This week the Family Business Office looks at a different take on governing the family business.
Typically, the low hanging fruit in terms of creating the most harmonious decision-making group is simply to seek out like-minded individuals. And why not? When you are sitting around the table with people who think like you do, idea generation is easy, discussions are not typically drawn-out, and decisions get made. It is efficient. That said, is it optimal? Does it represent the diverse opinions you witness across the large family? Will your decisions reflect multiple opinions and preferences? Will you be able to defend your decisions?
Strength in Diversity
Any important decision made by a governing body must be vetted based on input from a representative group that asks the right questions, investigates the assumptions made in data gathering, and embraces the challenges associated with distinct viewpoints.
Diversity builds strength and increases effectiveness within governing bodies that are composed of either all family members or some family members (corporate boards). Hopefully something here will help you to consider ways in which the composition of those decision-making groups will sustain and strengthen stewardship among your family, key non-family management, suppliers, and financial partners.
In the last few years, a number of social movements have brought concerns of diversity to the forefront of business activities. Corporations like Pepsi, for example, announced huge investments into their goals of achieving gender parity in their workforce, and racial diversity in both their workforce and their supply chain as a response to the social activism in 2020.
Expanding the Meaning of Diversity
It is helpful to clarify what diversity entails, and to consider the recent data regarding diversity when giving suggestions for how diversity can improve the performance of family business governance systems. We define diversity more broadly than gender or racial lines: while a diverse board should include female members (countries such as Norway, Spain, France, and Iceland all require that women comprise 40% of the board), the concept of diversity should be expanded to include racial, sexual, educational, and generational diversity.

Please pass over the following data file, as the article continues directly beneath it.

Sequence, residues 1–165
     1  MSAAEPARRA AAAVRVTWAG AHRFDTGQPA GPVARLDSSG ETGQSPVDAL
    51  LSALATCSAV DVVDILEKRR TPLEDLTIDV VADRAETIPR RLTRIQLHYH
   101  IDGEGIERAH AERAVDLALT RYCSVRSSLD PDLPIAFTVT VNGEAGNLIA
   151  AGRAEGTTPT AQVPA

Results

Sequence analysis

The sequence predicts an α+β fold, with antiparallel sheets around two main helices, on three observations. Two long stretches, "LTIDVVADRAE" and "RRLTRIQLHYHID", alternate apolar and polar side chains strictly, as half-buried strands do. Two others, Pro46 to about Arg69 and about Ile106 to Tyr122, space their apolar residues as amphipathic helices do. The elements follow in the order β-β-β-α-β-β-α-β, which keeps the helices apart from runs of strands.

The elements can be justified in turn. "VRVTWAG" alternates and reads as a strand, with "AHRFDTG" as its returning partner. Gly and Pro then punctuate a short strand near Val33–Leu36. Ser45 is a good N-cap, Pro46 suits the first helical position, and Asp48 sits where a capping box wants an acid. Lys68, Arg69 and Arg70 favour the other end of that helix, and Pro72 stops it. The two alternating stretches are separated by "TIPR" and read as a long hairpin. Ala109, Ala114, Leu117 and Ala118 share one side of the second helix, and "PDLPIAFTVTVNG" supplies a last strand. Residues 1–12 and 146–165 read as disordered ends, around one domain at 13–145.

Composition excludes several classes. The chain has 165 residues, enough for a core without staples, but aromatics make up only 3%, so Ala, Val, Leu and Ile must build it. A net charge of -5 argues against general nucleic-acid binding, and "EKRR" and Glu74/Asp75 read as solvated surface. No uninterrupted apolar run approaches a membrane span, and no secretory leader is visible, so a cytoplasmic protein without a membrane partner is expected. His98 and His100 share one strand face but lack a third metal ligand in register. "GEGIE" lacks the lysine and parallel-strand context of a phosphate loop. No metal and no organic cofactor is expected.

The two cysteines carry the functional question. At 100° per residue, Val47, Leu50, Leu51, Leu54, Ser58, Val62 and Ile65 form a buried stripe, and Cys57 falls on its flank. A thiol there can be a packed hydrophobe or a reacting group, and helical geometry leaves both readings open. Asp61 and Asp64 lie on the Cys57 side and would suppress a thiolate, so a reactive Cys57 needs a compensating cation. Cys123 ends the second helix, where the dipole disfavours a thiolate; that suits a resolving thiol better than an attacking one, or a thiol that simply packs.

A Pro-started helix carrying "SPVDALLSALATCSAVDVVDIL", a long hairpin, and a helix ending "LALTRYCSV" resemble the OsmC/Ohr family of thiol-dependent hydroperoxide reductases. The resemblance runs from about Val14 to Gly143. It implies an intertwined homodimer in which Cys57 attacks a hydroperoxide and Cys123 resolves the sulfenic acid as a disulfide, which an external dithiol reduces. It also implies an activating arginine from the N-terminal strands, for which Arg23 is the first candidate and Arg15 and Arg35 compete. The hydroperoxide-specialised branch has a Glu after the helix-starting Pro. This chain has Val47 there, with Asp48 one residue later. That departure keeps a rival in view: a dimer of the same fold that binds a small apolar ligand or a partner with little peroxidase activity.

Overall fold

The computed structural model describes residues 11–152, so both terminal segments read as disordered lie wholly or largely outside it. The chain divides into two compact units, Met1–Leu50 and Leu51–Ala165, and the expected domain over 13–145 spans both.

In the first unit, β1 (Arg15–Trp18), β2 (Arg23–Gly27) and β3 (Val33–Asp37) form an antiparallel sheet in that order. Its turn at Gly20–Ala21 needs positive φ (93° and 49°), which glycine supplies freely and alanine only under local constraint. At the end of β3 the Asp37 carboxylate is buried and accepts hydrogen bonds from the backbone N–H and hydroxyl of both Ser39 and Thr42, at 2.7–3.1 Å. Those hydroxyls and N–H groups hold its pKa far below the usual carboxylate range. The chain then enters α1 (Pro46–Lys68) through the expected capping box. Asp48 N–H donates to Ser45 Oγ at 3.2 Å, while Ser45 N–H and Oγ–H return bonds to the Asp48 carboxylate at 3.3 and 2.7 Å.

Valuing Diversity of Thought
Directors on a board can bring not just a diversity of opinions and perspectives, but a diversity of behavior—a willingness to openly challenge management and other directors, which was missing from the boardroom. By having more open debate, it creates an environment where others see it as good and healthy to have frank discussions regarding important decisions. When members of the board begin challenging each other—and listening to each other’s viewpoints—it leads to positive outcomes.
Embracing Family Diversity
It is recommended that boards recruit racially, ethnically, and gender diverse directors who can bring new professional backgrounds, skills, and experiences in areas relevant to the company’s strategic and operating needs, and who can introduce new views, perspectives, and approaches to problem-solving. In a family-owned business, this definition needs to include a multigenerational, and multi-branch board that can represent the many generations dedicated to preserving the family legacy.
( All Statistical information presented in this blog has been obtained from an extract of an article from the Family Business Consulting Group based in Chicago)
At the Family Business Office we can offer you assistance in dealing with family business succession planning issues through incentives supporting advisory and mediation services. Contact us today on email@example.com.